It was sometime around 11 o’clock last night, when I was dismally getting to grips with the rota that was already a fortnight overdue, that I remembered that it would be the early service today and I had to be in church by 7.30 this morning. This thought made me so depressed that I stayed up for hours, mostly listening to music by bands with names such as Slobberbone. I did do some work at the same time, but I didn’t finish the rota until after 10 this morning, by which time I was due in church for the next service, An ordained life would never be for me. I have a low attention threshold and couldn’t put up with multiple daily (albeit also weekly) church attendance.
My problem was, and the reason I’d been putting off writing this wretched rota, that I’ve been losing helpers in droves. Never mind decimation, it was more like quindecimation – that is, I’d lost about 50% of the people who used to help. No, I haven’t driven them away. It’s just several of *those things*. I may ask people if they’d be willing to always do the same thing on the same week of the month – that is, if it’s the first week of the month, A reads the first lesson, B reads the second, C is sidesman, D plays the organ and E makes coffee – that way, I’d need fewer helpers overall and writing the rota would be simple, especially as some will both make coffee and read the lesson at any given service.
Anyway, after I’d printed them all off – well, not quite all as my printer ran out of ink with 2 to go – and marked them with a highlighter pen, and also emailed them out, I went back to church and grovelled to all the people on whose good-nature I’d presumed most, with such charming effect that they all smilingly agreed to do everything I’d asked and offered to do more if necessary. Manipulative? No, darlings, I just look worried and sincere. As I am, of course.
Al is very happy with his bees – I think I told the sad tale, briefly, that his bees swarmed a couple of days before he was due to divide the colony and he lost his queen. There were queen cells ready for a new lady to hatch out, so he divided them again, into two rather small colonies, and hoped for the best. He knew both queens had hatched because he’d heard them – Twitter is nothing new, honey bees have been doing it for a long time – but it wasn’t until today that he checked to see if they’d been on their maiden flight (following which they are no longer maidens and there is one drone who dies happy, whilst the rest of the drones relax their lives away with nothing to do) and they had, for there were plenty of eggs waiting to hatch. He also managed to find and mark both queens. *Result* as the young people say.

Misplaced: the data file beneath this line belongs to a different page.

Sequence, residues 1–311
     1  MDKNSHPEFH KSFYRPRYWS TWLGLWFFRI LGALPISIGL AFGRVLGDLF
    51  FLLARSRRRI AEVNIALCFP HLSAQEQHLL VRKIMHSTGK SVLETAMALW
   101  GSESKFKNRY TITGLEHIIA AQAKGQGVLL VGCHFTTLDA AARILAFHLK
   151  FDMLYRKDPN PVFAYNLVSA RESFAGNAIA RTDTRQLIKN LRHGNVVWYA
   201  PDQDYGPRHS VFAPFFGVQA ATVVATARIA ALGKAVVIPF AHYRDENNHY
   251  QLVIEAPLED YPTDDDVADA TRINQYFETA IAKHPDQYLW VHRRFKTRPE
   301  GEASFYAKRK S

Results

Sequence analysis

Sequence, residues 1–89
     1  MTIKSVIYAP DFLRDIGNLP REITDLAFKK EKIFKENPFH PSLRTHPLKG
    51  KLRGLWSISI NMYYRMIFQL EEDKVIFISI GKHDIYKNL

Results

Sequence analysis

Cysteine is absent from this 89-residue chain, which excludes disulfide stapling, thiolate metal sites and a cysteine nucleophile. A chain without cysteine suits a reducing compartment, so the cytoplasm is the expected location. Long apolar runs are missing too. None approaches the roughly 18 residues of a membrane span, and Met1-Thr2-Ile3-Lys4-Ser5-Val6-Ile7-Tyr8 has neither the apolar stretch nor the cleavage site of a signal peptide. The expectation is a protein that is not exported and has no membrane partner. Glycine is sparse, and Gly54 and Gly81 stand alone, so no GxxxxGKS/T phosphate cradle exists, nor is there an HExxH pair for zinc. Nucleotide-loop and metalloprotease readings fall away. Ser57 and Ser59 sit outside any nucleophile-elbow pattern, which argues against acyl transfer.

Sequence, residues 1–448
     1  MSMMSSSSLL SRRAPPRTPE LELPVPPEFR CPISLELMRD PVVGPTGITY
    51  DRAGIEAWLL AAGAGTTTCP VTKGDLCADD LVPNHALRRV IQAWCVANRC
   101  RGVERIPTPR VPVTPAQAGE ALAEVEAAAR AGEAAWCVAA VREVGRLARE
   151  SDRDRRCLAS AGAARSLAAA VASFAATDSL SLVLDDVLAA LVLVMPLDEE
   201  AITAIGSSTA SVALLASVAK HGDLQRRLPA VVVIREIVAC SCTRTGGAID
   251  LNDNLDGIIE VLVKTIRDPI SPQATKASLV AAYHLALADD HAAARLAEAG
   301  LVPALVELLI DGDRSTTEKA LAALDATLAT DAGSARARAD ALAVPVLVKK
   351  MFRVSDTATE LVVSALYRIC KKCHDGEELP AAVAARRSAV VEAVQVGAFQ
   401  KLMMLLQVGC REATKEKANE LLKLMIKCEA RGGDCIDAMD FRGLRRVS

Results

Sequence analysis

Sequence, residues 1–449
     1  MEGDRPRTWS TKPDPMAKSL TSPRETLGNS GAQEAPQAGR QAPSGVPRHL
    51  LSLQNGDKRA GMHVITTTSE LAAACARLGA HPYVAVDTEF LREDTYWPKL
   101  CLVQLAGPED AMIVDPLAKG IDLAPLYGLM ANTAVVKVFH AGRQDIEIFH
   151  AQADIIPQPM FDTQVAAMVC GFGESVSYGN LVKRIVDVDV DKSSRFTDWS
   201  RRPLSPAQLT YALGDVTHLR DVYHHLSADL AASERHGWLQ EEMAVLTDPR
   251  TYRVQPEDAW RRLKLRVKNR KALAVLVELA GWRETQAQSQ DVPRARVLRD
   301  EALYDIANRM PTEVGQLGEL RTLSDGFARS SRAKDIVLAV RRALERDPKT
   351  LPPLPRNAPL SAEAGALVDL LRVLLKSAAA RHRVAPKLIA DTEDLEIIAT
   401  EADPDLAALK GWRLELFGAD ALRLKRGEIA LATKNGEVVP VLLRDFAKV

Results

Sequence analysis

Today, I cut the first cucumber – I could have picked it a day or two ago but it didn’t go with the meals. Tender and delicious and it made me happy.
I was cycling home yesterday and the view from the dam (it’s the road that separates the fields which are part of the flood plain) pleased me, so I got off and took photos each side. Nothing special as you see, but a pleasant place to live. As you’ll have seen from my wall-building posts and the photos in them, we live a field away from the church with spire that you see in the latter two photos. What looks like long grass in the field is reeds, because waterways criss-cross the fields so that flood water drains away quickly. The water table isn’t far below the surface and it doesn’t take much rain for flooding to take place, although it’s confined to the fields and, sometimes, to the lower-lying bits of road.
This afternoon and evening, I’m writing my valedictory chairman’s address for Tuesday morning. Yes, I’m ahead of the game, isn’t that splendid and most unlike me? Indeed, Dave would have had it done weeks ago, but I didn’t need to do it weeks ago: I need to do it now. Or anyway, by tomorrow night. I have written 866 words so far and reckon I’m more than half done. The main thing is to thank people and to leave no one out, because you don’t forget the obvious people but the unsung helpers who, modest though they are, might feel left out if they are.
Update at 11.55 – finished the speech – it’s 1579 words long, which takes ten minutes to deliver briskly. I think I might do a little paring down tomorrow – at least I’ve got a day in hand to let it settle.
12.15 am – 1468, and better for it. I’m going to bed. Good night.